Cinematographer Halyna Hutchins was remembered during the cinematography film festival and whose death director Marek Żydowicz called the “result of incompetence and a lack of responsibility."
Cinematographer Robbie Ryan’s lensing of Mike Mills’ C’mon C’mon — starring Joaquin Phoenix as a man learning how to take care of a kid for the first time — topped the EnergaCamerimage main competition, collecting the Golden Frog Saturday during the closing ceremony of the international cinematography film festival.
Bruno Delbonnel’s black and white cinematography in Joel Coen’s The Tragedy of Macbeth was awarded the Silver Frog and DP Greig Fraser’s work on Denis Villeneuve’s epic Dune claimed the Bronze Frog. C’mon C’mon additionally won the Audience Award.
Director Joe Wright, the jury chair, announced the winners of the main competition awards. In a video message, Ryan said, “I’m delighted,” thanking director Mills and the filmmakers, saying “we had a lot of fun and I’m really proud of the film.”
Delbonnel, accepting via video from London, where he said he was prepping a project with Alfonso Cuaron and DP Emmanuel “Chivo” Lubezki, thanked his collaborators and crew, and added, “There is no winner or loser, I want to congratulate every DP. The beauty of our job is we are all different and the way we see the world [is all different].”
“This festival has always been a highlight for me … Standing in this group with my peers and my heroes is quite amazing,” Fraser said, thanking Villeneuve as well as his crew as he accepted the Bronze Frog. Villeneuve called the recognition at the festival — he was additionally on hand to accept a special award for outstanding directing — a “beautiful compliment.”
Animals, lensed by Frank van den Eeden and helmed by Nabil Ben Yadir, received the FIPRESCI critics prize. Cannes Palme d’Or winner Titane, helmed by Julia Ducournau and shot by Ruben Impens, won the directors’ debut competition; and My Voice Will Be With You, lensed by Tristan Gal-and directed by Bruno Tracq, claimed the Golden Frog in the feature documentary competition.
Halyna Hutchins — the cinematographer who was fatally shot last month on the set of Rust when a prop gun was discharged — was included in an In Memoriam segment. In his closing remarks, festival director Marek Żydowicz appealed to the film industry to hire responsible people who follow protocols, saying if they had, the tragedy on the set of Rust “likely would not have have occurred.” He received applause when he called the tragedy the “result of incompetence and a lack of responsibility of those on the set with her.” During the week at Camerimage, the American Society of Cinematographers hosted a ceremony to remember the late cinematographer, who was also named as an honorary member of the society.
During the closing ceremony, Jost Vacano (Das Boot, Starship Troopers) was feted with the Lifetime Achievement Award, saying he was proud of both his artistic work as well as his efforts to fight for artist rights. “I have to fight for cinematographers [to be considered] authors of their films,” Vacano asserted, to applause. “Someone has to do something for the cinematographers, as authors of the film [so they] can participate on the income of the film.” (The DP is also known for a lawsuit in which he received additional compensation for Das Boot.)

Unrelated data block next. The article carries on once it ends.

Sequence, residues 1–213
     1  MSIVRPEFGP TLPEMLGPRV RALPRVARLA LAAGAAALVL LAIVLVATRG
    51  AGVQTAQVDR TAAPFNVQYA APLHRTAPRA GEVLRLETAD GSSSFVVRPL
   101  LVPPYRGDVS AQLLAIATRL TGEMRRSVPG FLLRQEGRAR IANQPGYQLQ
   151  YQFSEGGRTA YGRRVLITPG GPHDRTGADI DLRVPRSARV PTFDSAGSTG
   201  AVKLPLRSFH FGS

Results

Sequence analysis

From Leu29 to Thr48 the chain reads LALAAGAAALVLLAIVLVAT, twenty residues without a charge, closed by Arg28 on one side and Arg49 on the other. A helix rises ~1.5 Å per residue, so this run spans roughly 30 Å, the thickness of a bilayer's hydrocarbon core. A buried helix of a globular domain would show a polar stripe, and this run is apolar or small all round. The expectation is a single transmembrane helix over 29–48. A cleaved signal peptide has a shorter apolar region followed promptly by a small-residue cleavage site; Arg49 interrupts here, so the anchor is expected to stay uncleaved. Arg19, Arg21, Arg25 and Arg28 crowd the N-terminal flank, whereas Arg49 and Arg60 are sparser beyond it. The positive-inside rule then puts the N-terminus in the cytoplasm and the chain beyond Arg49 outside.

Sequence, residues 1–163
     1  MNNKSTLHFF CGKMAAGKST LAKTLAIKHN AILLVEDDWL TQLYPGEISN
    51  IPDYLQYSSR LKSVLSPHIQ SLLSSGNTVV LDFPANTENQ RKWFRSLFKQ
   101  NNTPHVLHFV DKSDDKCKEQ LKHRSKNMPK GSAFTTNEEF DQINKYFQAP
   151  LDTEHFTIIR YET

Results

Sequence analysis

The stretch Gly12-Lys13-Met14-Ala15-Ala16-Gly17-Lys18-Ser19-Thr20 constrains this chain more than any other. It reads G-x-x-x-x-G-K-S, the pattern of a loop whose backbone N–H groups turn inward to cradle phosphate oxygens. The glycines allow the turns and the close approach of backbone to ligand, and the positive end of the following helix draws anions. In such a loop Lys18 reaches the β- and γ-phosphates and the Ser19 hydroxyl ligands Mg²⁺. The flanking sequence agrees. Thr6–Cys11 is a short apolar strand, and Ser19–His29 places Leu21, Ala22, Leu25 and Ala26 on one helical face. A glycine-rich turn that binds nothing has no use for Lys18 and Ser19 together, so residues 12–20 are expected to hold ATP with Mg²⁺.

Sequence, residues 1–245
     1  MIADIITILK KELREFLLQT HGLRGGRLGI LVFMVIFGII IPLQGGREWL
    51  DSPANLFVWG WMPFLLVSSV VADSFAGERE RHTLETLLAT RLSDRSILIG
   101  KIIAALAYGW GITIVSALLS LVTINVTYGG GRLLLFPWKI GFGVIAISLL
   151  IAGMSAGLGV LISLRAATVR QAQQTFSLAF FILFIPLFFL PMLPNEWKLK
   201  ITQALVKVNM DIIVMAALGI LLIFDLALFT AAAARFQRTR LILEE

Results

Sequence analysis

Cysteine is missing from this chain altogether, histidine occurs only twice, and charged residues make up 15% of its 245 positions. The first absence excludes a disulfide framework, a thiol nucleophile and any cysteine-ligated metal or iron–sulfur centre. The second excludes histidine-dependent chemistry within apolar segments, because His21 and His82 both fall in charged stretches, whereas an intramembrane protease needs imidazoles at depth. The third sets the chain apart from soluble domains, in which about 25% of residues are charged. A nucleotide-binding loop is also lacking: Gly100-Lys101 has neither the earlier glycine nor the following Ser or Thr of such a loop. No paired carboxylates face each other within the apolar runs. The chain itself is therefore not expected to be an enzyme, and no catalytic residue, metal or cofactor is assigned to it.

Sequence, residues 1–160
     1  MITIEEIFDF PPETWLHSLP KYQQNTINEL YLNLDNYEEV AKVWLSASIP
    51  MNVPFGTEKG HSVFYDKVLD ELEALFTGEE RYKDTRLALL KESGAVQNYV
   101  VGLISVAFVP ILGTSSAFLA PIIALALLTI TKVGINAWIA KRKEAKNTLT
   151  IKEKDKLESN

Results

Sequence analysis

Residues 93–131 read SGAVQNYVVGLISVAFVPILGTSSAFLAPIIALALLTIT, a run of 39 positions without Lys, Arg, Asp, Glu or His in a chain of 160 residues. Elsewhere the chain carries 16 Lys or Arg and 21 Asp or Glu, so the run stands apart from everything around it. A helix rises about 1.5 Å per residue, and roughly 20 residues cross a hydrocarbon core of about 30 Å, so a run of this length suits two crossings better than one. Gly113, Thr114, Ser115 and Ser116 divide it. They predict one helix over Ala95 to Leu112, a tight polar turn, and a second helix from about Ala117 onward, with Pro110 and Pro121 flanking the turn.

Camerimage, held annually in Torun, Poland, has become a bellwether for what’s to come in the cinematography Oscar race. In three of the past five years, the winners of Camerimage’s Golden Frog have gone on to earn Oscar nominations in cinematography. Those films include 2016’s Lion, 2019’s Joker and 2020’s Nomadland. The 2017 Camerimage winner, On Body and Soul, was nominated in the foreign-language film Oscar category.
The festival’s 2018 Golden Frog recipient was The Fortress, a 2017 film that was not eligible for that year’s Oscar race. However, the 2018 Silver Frog went to Cold War, which earned a cinematography Oscar nomination and won the American Society of Cinematographers feature competition. The Bronze Frog went to Roma, which won the Oscar in cinematography.
As this year’s festival concluded, Żydowicz showed renderings of the future European film center that will house Camerimage and other events, expected to open in Torun during 2025.
After the awards ceremony, No Time To Die director Cary Joji Fukunaga and cinematographer Linus Sandgren introduceed their Bond film, which closed the festival.
The complete list of winners follows.
MAIN COMPETITIONGolden Frog: C’mon C’moncin. Robbie Ryandir. Mike MillsSilver Frog: The Tragedy of Macbethcin. Bruno Delbonneldir. Joel CoenBronze Frog: Dunecin. Greig Fraserdir. Denis Villeneuve
AUDIENCE AWARDC’mon C’mon cin. Robbie Ryan dir. Mike Mills
Animalscin. Frank van den Eedendir. Nabil Ben Nadir
DOCUMENTARY FEATURES COMPETITIONGolden Frog — best feature documentary: My Voice Will Be With You cin. Tristan Gal-and dir. Bruno Tracq DOCUMENTARY SHORTS COMPETITION Golden Frog — best short documentary: Survive cin. Jacob Friedrich Maria Kohl dir. Lara Milena Brose, Kilian Armando Friedrich DIRECTORS’ DEBUTS COMPETITION Best Director’s Debut: Titane cin. Ruben Impens dir. Julia Ducournau CINEMATOGRAPHERS’ DEBUTS COMPETITION Best Cinematographer’s Debut: Bipolar cin. Yuming Ke dir. Queena Li MUSIC VIDEOS COMPETITION Best Music Video: Kuba Kawalec & Ana Andrzejewska “Zdechłam” cin. Kacper Fertacz dir. Zuzanna Plisz TV SERIES COMPETITION Best Episode: Welcome to Utmark: Eye for an Eye cin. Andreas Johannessen dir. Dagur Kári
FILM AND ART SCHOOL ETUDES COMPETITIONLaszlo Kovacs Student Award – Golden Tadpole – The Howling cin. Max Bugajak dir. Bartosz Brzeziński school: Warsaw Film School Silver Tadpole: Tala’vision cin. Philip Henze dir. Murad Abu Eisheh school: Filmakademie Baden-Württemberg Bronze Tadpole: Cold Blow Lane cin. Christopher Behrman dir. Luca Homolka school: Filmakademie Baden-Württemberg